The state of New Mexico and the Navajo Nation on Monday blasted the U.S. Environmental Protection Agency’s bid to toss their liability suits over the agency’s role in the 2015 Gold King Mine spill, rejecting the contention that the agency has sovereign immunity to claims under the Comprehensive Environmental Response, Compensation and Liability Act.
Six House Democrats wrote a letter to the inspector general of the U.S. Environmental Protection Agency on Monday asking that it investigate the agency’s conflict of interest policies and procedures in the wake of reports of a close relationship between industry groups and EPA Administrator Scott Pruitt.
The Havasupai Tribe told a federal judge Monday that there is no conflict between its suit accusing groundwater well owners of illegally depleting an Arizona aquifer that provides water to the tribe and a recent Ninth Circuit decision affirming a lower court’s ruling extending another tribe’s water rights to groundwater in the Coachella Valley.
For all the lessons learned since 2008, it's surprising that margin management remains so tactical, rather than an ongoing strategic endeavor, for law firms. The firms that will survive and thrive must invest in ongoing margin-improvement capability, which will combine enhanced business- and change-management skills and take a long-term view to drive out the more difficult changes, says Jack Diggle of Elevate Services Inc.
Over the next few weeks, a slow trickle of news about one measure of law firm success — law firm financial results — will gradually become a flood as more firms open up about their performance in 2016. Law firm leaders would be wise to focus on nine factors that determine success, says law firm management consultant William Johnston.
Unlike other forms of commerce and unlike in other nations, litigation investment and funding in the U.S. is largely unregulated with few disclosure requirements. Where darkness exists, ignorance and mistrust breed. Disclosure and transparency in litigation investment and funding is the first and proper step to better understand this opaque dynamic in the U.S. civil justice system, says Tripp Haston of Bradley Arant Boult Cummings LLP.
Regardless of the final outcome of the Keystone XL and Dakota Access projects, President Trump’s pipeline memorandums send an appropriate message that failure to timely review and make balanced regulatory decisions on energy project proposals is unacceptable, say John Povilaitis and Alan Seltzer of Buchanan Ingersoll & Rooney PC.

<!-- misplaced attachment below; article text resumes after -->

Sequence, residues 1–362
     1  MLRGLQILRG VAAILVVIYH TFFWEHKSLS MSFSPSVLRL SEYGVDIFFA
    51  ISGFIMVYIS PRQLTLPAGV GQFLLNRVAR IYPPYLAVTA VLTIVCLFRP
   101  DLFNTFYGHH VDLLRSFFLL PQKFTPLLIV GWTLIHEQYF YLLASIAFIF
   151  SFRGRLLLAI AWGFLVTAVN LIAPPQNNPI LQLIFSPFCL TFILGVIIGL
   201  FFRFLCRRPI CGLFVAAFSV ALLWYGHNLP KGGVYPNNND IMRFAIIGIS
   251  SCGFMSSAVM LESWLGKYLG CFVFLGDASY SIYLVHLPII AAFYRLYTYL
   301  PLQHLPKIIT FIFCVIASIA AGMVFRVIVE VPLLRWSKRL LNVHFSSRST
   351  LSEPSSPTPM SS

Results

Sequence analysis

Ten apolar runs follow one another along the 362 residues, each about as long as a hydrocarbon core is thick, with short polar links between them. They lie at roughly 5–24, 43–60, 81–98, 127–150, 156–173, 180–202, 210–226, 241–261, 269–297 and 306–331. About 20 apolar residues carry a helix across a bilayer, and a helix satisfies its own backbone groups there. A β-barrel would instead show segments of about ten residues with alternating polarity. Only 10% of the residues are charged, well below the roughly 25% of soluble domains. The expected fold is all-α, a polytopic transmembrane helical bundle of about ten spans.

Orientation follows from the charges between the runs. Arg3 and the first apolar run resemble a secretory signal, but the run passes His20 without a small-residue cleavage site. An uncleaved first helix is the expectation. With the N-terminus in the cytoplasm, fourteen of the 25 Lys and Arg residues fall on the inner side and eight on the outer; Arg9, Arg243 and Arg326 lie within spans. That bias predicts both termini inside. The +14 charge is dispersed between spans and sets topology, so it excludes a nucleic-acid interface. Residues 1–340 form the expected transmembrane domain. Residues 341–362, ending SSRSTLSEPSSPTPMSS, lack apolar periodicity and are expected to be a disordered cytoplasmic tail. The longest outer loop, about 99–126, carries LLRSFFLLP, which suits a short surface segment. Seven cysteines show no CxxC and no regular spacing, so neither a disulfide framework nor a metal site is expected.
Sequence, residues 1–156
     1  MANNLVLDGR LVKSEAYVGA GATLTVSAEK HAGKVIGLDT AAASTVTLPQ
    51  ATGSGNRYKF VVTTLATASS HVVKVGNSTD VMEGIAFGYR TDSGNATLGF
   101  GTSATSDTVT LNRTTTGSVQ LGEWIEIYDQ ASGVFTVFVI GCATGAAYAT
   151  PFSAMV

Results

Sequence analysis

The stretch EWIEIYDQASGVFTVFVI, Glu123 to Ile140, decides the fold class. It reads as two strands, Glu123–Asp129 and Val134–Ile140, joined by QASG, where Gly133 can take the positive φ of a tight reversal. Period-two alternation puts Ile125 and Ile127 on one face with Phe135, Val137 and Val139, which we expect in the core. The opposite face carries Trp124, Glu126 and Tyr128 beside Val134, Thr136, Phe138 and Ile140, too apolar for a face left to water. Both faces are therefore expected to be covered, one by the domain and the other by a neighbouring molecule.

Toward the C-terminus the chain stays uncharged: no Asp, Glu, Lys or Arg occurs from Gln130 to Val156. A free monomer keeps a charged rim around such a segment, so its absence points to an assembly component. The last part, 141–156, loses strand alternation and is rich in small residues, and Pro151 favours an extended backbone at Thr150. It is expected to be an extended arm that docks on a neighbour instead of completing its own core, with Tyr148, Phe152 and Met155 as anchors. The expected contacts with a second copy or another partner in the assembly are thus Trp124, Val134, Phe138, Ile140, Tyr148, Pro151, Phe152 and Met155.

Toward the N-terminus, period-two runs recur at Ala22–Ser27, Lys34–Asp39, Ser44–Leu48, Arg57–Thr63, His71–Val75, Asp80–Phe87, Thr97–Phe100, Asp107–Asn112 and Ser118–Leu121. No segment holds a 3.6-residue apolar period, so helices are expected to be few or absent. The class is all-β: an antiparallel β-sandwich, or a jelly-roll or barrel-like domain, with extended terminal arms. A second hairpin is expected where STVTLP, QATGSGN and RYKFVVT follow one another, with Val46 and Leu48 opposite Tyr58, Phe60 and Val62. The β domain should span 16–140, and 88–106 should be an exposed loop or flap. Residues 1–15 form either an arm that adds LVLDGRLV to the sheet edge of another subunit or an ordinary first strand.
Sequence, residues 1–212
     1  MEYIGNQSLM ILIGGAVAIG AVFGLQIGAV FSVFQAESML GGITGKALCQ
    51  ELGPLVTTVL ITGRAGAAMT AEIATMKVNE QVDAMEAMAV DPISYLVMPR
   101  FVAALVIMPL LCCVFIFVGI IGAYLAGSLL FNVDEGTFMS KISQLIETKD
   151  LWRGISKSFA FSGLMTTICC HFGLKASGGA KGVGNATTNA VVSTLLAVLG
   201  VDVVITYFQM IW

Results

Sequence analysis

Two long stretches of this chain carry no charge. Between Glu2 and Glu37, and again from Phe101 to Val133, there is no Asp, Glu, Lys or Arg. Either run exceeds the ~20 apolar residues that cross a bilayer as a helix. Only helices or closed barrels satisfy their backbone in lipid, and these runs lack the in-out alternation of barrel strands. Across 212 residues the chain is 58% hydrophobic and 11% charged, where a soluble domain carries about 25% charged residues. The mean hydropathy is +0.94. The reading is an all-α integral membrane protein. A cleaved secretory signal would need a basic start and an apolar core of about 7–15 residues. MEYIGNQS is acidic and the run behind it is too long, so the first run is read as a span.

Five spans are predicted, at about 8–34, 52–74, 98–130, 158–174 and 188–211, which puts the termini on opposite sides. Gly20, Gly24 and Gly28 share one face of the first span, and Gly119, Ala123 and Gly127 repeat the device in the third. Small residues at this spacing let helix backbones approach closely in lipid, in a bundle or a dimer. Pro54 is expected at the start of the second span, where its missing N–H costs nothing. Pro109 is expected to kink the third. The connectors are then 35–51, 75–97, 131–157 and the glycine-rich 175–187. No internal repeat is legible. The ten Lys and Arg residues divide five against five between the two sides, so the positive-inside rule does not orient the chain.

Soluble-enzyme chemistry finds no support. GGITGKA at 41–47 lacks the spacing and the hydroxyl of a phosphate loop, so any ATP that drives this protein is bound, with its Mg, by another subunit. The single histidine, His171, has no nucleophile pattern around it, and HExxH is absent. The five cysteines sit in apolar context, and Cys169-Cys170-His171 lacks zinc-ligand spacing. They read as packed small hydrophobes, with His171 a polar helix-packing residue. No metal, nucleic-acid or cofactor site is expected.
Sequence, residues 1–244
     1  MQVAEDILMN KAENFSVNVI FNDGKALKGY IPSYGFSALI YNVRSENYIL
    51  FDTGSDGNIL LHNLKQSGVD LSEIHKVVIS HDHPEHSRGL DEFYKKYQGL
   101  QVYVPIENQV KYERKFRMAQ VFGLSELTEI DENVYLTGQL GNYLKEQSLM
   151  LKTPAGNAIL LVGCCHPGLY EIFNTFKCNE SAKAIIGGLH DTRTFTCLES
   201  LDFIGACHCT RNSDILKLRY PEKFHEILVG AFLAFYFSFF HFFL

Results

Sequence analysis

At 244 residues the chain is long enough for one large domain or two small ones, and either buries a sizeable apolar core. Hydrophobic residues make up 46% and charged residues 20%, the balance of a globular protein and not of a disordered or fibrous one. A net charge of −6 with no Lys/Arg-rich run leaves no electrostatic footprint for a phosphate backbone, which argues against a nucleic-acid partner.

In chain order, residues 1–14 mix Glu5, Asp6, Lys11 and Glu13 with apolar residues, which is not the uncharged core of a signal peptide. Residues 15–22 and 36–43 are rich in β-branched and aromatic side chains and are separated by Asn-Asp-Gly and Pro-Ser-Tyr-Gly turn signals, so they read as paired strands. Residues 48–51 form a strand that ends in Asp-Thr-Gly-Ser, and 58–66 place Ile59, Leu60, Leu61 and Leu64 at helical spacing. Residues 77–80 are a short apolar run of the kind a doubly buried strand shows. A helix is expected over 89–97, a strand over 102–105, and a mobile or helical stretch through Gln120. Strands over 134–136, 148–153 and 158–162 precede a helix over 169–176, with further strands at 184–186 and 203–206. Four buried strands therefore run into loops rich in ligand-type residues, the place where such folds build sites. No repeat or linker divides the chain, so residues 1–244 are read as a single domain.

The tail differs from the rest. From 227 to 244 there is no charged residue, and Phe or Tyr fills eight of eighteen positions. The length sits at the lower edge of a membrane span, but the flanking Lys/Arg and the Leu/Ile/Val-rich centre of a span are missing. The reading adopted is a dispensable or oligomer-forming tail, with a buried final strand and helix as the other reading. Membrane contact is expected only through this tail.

The Obama administration opposed establishing an undersecretary for Indian affairs despite longtime Indian country support and bipartisan support in Congress. The Bureau of Indian Affairs currently lacks a meaningful voice in major policy and funding decisions, but an undersecretary would correct a decades-old power imbalance within the U.S. Department of the Interior, says Brian Gunn of Powers Pyles Sutter & Verville PC.
In Catskill Mountains Chapter of Trout Unlimited v. U.S. Environmental Protection Agency, the Second Circuit issued a highly anticipated ruling confirming the legality of the EPA's water transfers rule. The decision is significant in that it strongly reinforces the legality of the rule and offers additional assurance to water providers that employ or intend to develop water transfers, say attorneys with Brownstein Hyatt Farber Schreck LLP.
The next four years will see litigation that explores the extent to which the Trump administration can alter or reverse the regulatory policies of the Obama administration without having to enact new legislation. The U.S. Supreme Court has recently made clear that there are fewer limits to an agency changing course than had previously been thought, says Steven Gordon of Holland & Knight LLP.
If history is any guide and President Donald Trump is consistent with Republican policies, the Trump administration will likely roll back several of the Obama's administration's polices and regulations that have made it easier for Native American tribes to gain federal recognition, say Ryan Smith and Michael Smith of Brownstein Hyatt Farber Schreck LLP
When mediators rely on force to get cases settled, it doesn’t work. It’s time to suggest more productive ways for top-gun litigators and top-flight mediators to engage, says Jeff Kichaven of Jeff Kichaven Commercial Mediation.
I always worry about what will happen if someone at a Super Bowl party asks me to explain an NFL-related lawsuit, particularly one of those intellectual property lawsuits IP lawyers are supposed to know about. This article is my solution — a summary of gridiron IP disputes since the last Super Bowl, says David Kluft of Foley Hoag LLP.